BABYLON, Iraq -- In broad daylight, thieves broke into the Nebuchadnezzar Museum by the ancient ruins of Babylon and made off with two of the 14 main exhibits.
They took five large foundation cylinders bearing cuneiform writings from the reign of Nebuchadnezzar II, the famous Babylonian king who rebuilt this city in the sixth century B.C., and 37 other small flat cuneiform tablets from different Mesopotamian periods.
"I believe foreigners are encouraging thieves to steal the relics of Iraq," charged Wahbi Abdul Razak, director of Babylon's ruins, blaming United Nations sanctions against President Saddam Hussein's regime for a surge in antiquities thefts across the country.
"The Iraqi dinar is so devalued, they must have offered them thousands of dollars," speculated Abdul Razak, 53, who has worked in Babylon for 30 years.
He echoed the Iraqi government view that foreign buyers and U.S.-sponsored sanctions imposed after Hussein's 1990 invasion of Kuwait account for the crime wave in artifacts.
Baghdad has yet to comply with the conditions for having the sanctions lifted and rejects a U.N. plan to allow food and medicine to be imported. Recently, though, it agreed to an oil-for-food deal with the United Nations.
McGuire Gibson, professor of Mesopotamian archaeology at the University of Chicago's Oriental Institute, warned that millions of dollars are involved in this illegal trade marketing stolen pieces in London, New York and Chicago.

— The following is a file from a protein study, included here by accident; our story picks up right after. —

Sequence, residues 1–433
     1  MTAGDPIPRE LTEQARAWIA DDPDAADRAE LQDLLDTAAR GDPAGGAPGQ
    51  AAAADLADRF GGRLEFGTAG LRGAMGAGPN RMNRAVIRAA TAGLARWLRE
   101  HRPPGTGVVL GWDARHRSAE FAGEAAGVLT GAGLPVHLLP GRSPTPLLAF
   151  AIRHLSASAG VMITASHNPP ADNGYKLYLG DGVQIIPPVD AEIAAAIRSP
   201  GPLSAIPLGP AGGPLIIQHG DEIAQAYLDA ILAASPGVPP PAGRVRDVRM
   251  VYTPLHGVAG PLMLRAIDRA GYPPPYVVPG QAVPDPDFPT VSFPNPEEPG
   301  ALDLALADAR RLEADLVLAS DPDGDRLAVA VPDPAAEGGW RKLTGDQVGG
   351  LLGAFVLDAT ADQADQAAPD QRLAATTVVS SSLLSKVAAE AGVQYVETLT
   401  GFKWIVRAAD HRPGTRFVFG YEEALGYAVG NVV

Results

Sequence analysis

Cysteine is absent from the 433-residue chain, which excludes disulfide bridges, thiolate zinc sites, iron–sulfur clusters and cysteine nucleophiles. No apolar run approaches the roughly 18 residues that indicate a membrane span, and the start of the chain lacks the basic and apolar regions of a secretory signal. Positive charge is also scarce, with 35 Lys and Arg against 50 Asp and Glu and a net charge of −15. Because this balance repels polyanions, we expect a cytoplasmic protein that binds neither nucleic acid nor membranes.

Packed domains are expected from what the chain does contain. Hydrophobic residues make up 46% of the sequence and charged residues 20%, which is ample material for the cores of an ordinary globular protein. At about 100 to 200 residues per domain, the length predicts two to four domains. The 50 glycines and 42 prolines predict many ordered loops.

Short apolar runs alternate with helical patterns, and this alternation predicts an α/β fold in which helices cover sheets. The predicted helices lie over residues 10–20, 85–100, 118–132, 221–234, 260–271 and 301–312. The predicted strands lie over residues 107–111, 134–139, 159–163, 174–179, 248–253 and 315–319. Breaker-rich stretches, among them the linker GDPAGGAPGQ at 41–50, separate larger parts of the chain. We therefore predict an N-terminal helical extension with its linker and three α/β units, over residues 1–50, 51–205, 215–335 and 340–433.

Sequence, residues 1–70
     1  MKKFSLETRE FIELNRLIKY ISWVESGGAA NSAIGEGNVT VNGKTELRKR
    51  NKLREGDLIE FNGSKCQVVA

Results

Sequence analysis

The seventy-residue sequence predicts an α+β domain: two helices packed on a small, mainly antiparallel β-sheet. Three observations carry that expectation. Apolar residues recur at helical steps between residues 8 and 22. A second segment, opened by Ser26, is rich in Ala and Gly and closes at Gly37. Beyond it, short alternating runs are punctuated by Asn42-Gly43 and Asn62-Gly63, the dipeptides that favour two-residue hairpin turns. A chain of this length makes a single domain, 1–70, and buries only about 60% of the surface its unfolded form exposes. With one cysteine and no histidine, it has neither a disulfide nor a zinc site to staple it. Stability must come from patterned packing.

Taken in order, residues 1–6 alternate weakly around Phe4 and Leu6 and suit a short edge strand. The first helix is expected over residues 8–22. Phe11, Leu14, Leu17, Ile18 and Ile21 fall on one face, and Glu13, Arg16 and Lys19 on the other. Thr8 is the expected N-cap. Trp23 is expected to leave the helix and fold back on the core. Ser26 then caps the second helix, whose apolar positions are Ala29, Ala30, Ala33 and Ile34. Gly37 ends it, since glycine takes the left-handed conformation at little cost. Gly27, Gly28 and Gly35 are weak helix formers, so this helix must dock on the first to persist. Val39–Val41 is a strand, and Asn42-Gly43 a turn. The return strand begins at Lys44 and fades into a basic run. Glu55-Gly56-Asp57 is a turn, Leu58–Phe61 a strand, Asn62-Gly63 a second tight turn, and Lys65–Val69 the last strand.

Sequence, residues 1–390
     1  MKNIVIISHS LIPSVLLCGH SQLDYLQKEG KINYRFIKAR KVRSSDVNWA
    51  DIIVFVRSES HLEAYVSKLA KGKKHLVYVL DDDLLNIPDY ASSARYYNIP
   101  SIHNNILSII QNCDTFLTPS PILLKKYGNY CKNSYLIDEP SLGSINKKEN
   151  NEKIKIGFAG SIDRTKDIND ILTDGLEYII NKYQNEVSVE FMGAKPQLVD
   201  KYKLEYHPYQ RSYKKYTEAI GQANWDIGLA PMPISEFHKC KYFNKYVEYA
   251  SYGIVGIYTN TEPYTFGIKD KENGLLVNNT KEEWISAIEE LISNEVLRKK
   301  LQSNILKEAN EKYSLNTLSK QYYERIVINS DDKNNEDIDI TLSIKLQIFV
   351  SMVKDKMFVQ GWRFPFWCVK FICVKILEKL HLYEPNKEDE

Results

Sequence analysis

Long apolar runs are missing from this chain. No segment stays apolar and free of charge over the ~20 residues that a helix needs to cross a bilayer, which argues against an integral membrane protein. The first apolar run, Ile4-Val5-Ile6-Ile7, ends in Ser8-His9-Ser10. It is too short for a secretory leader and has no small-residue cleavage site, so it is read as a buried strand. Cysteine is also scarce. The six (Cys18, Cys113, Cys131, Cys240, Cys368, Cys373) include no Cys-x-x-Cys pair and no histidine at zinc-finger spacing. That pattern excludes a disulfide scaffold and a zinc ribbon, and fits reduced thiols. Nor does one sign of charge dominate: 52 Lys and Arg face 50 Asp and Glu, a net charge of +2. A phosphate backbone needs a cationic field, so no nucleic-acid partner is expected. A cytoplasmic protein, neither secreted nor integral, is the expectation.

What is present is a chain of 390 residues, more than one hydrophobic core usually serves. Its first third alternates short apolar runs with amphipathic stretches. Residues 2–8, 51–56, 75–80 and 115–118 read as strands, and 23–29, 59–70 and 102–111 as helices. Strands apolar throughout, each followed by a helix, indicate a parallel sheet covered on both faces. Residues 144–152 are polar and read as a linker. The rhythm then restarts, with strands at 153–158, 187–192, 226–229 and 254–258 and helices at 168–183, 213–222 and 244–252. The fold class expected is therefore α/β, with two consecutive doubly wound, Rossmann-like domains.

By stripping relics from hundreds -- perhaps thousands -- of sites in Iraq, he said thieves rob the world of crucial knowledge that could be learned from such objects if archaeologists found them they were left.
"We were hearing stories three and four years ago of people digging at famous archaeological sites in the Iraqi desert, 200 and 300 people working at a time on illegal digging," said Gibson, who has done field work in Iraq since 1964 but was forced to stop in 1990 shortly before the Persian Gulf war.
All kinds of crimes are on the rise across Iraq these days, from murder and armed robbery of Baghdad residents and motorists on rural highways to an outbreak of car thefts in which the autos are taken at gunpoint and spirited into the northern autonomous Kurdish region to be resold.
"There's a breakdown of authority in the north, and they're taking advantage of it," said Hamid Youssef Hamadi, minister of culture and information.
"This is not a wave. It's a rise in crime. I don't want to minimize it. To Baghdadis used to a low rate of crime compared to other Middle East countries, they find it alarming," he said.
Iraqis casually left their doors unlocked a decade ago, but desperate economic conditions brought on by years of sanctions have sent estimated murder and robbery rates up by at least 10 percent, according to one government estimate.
Pub Date: 12/03/96